I was just going to redo my technical sketches for the umpteenth time because there is something not quite right about the drape of the fabric. Talk about good timing. You’ve shown me the errors of my ways, I think. Just to make sure, for a silk bias cut tank (straight silhouette) the hemline would look more like the straight ruffle?

  2. Jen Rocket says:

    Great job Kathleen! I love Illustrator. I took a course in school and it was awesome. If there is anything I can get lost in on a computer it is illustrator. I have the same book by the way ;)
    I am considering adding flats on my website to give another view for the our products. Lip Service does this on their site, it is a nice touch. Sometimes their crazy prints can hide seam lines and this approach clears that up.

  3. celeste says:

    ohhhh, a book I don’t have (and didn’t know about), I look foward to the review. I wonder how it compares to what I already own, though. Illustrator can be lots of fun even though sometimes it can be frustrating.

  4. Kathleen says:

    Lisa: I do have Tallon’s book (for CS2). I think it will be good now that I can kind of, sort of, navigate the workspace. For whatever reason, it wasn’t clicking for me when I first bought it. I’ve had CS for quite a long time, since 2006? I am up to CS5 now on the PC (CS4 on my mac) so it’s about time I figure it out…

    Tara: yes, the hemline would look more like the straight ruffle.

    Another option for illustrating is Carol Kimball’s CD which she sent me but I have since misplaced. eek!

  5. Betsy says:

    Welcome to the club! I love Illustrator-especially the fact that you can re-use parts of sketches to make new sketches so it is not always necessary to start from scratch.
    Rather than focusing on fashion sketching I think designers would get the best results if they focused on the technical sketches. Tech sketches work great not only for sketches to give to the patternmaker, but also for linesheets.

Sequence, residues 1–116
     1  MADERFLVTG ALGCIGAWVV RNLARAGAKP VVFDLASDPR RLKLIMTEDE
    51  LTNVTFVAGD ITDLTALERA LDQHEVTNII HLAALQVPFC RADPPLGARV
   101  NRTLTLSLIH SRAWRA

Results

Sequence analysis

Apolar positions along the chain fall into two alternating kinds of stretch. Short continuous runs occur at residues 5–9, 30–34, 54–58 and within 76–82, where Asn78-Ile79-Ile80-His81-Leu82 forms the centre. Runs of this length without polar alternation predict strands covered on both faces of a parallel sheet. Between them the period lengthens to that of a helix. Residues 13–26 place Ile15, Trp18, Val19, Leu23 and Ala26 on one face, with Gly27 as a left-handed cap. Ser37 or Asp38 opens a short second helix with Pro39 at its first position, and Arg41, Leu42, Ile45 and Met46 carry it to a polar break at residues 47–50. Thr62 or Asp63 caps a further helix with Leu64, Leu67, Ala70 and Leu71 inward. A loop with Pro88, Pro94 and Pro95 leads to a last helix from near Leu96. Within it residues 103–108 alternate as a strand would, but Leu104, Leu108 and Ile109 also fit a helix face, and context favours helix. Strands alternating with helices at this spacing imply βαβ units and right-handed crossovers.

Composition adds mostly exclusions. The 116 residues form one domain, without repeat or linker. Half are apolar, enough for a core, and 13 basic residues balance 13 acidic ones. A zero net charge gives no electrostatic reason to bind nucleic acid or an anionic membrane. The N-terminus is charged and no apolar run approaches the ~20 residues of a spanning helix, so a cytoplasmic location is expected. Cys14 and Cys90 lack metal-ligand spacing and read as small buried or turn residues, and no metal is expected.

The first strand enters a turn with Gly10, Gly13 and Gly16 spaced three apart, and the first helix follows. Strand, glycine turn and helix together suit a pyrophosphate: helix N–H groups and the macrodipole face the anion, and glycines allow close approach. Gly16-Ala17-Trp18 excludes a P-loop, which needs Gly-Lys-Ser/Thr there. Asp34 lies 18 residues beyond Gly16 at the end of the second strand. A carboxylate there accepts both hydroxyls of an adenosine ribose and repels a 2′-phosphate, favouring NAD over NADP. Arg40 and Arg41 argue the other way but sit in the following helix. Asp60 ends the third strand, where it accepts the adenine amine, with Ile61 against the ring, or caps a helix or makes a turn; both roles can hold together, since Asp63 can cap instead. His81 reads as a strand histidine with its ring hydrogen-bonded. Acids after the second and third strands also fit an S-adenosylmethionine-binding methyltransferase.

I feel like every designer sketch I get is a long conversation of “is this what you mean?” and by the end the style is nothing that I initially thought it was. Fashion-y sketches can be beautiful, but don’t always get the point across.

  6. Nic Cornell says:

    I also enjoyed this article! I learned Illustrator in digital arts school nine years ago and still consider it to be one of my strong points. Lately I’ve been giving some consideration to applying those skills to fashion illustration and this posting was just the thing to get me really thinking about that. Thanks Kathleen! I would be interested also to hear more about your experiments with CAD software…I guess come to think of it I have notice more CAD illustrations lately :)

  7. Interesting timing – the “Classroom in a Book” for Illustrator made it out onto my work table a few days ago. I am a big fan of those tutorials, which come with CDs, and can hardly contain my envy at Kathleen’s personal instructor. Yes, another here struggling to learn Illustrator.

    I’m proficient in its twin-on-steroids, Photoshop, for stuff like creating the graphics for my CD (thanks for the mention, Kathleen!) and using that in lieu of a CAD program to (among other things) reconcile the bra patterns for the line Carol Phillips and I are working on.

    I’ve taught fashion sketching for donkey’s years. As a professional artist, let me lay on you: it’s okay to trace! It’s an amazingly fast way to learn. When people come to me and say, “I need to learn to draw but am terrified, where do I start?” my answer is “whatever way is easiest for you to get into it”. It’s less scary to find another use for something familiar than invest time and considerable $ to start fresh. Remember when Kathleen posted about using the spreadsheet program Excel to work up line sheets?!

  8. E A says:

    Heh, I use illustrator to do comics, but the sensibility came in handy when I tried the CAD editor in of a home use pattern software.
    One thing to do once you find there’s certain sequences you use often…make macros.
    True about tracing or at least having a photo ref to check things out, do that all the time.

  9. Joelle Hodson says:

    I don’t understand why I’m comfortable with Photoshop but completely lost with Illustrator. I like making tech flats by hand, but hand drawn has many downsides. Good idea to hire a tutor!